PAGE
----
Quadriceps muscles were potentiated before setting the stimulation amplitude. One, 12-pulse (600 μs pulse duration), 14-Hz train was delivered to the quadriceps muscles every 5 seconds over a ~ 60 second period to potentiate the muscles (240 total pulses) (Binder-Macleod et al., 2002). The stimulation intensity was then set using 60-Hz (600 μs pulse duration), 300 ms long trains. The stimulation amplitude was increased gradually until the muscle peak force responses reached 20 % of the subject’s MVIC. Previous work showed that if rather than using a 300-ms train, the train duration was extended to ~ 1 second, this stimulation intensity would produce ~ 40 % of subject’s MVIC (Ding et al., 2003). Thus, the current intensity was recruiting approximately 40 % of the quadriceps femoris muscle. The amplitude was then held constant throughout the remainder of the session. Although stimulation intensity can be modulated by varying either pulse amplitude or duration, pulse duration modulation was chosen in the present study as it was easier to control and may require less charge per stimulus pulse compared to stimulation amplitude modulation (Crago et al., 1974).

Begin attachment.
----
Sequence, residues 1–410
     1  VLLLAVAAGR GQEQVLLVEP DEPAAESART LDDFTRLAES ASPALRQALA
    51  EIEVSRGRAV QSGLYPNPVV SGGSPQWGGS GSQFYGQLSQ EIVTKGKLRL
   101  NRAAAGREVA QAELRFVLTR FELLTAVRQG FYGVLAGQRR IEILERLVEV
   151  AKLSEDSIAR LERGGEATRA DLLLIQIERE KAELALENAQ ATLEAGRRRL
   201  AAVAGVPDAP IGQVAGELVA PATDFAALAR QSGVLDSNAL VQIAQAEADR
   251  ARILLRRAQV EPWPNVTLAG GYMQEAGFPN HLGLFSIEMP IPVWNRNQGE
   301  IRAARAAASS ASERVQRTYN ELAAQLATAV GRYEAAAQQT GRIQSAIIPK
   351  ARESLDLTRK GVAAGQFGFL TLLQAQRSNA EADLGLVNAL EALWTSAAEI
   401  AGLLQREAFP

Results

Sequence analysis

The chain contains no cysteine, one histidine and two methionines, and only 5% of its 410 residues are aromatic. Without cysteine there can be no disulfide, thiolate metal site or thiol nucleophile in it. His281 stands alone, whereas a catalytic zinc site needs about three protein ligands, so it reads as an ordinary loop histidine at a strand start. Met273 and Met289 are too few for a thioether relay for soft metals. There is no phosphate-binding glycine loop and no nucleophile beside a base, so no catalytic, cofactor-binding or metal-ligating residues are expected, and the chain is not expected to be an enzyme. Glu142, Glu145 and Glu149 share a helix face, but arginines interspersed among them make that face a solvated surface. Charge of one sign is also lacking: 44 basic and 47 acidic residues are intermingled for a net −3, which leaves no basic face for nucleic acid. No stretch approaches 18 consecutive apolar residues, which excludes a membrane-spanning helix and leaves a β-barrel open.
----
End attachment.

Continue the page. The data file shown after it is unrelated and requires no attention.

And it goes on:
Testing trains were delivered right after setting the stimulation intensity. Each subject received a testing protocol consisting of a pre-fatigue portion, a fatiguing portion and a post-fatigue portion. For the pre-fatigue portion, a series of 300-ms long testing trains with different frequency (10, 12.5, 20, 30, 40 and 60 Hz) and pulse duration (100, 200, 300, 400 and 600 μs) combinations were delivered to the quadriceps muscles to examine the force responses to different stimulation frequencies and intensities before muscle fatigue. These testing trains were delivered in a random order at the rate of 1 train every 10 seconds to avoid fatigue, and then repeated in a reversed order (N.B., the same random order was used for all subjects). The force responses to the same train were averaged for later analysis. Next, a modified Burke’s fatigue protocol (Burke et al., 1973) consisting of a series of 40-Hz, 300-ms trains, with pulse duration at 600 μs, was delivered to the muscle at a rate of one train every second for a total of 180 trains to fatigue the quadriceps muscles. The post-fatigue portion was delivered to subject’s quadriceps muscle immediately after the fatigue portion. Stimulation in this portion was continued at a rate of 1 train per second. Post-fatigue testing included the same sequence of testing trains as used in the pre-fatigue portion, but each of the testing trains was separated by two fatiguing trains (e.g., 40-Hz, 300-ms train with pulse duration at 600 μs) to maintain a steady state of fatigue. The force responses to the same train were averaged for later analysis.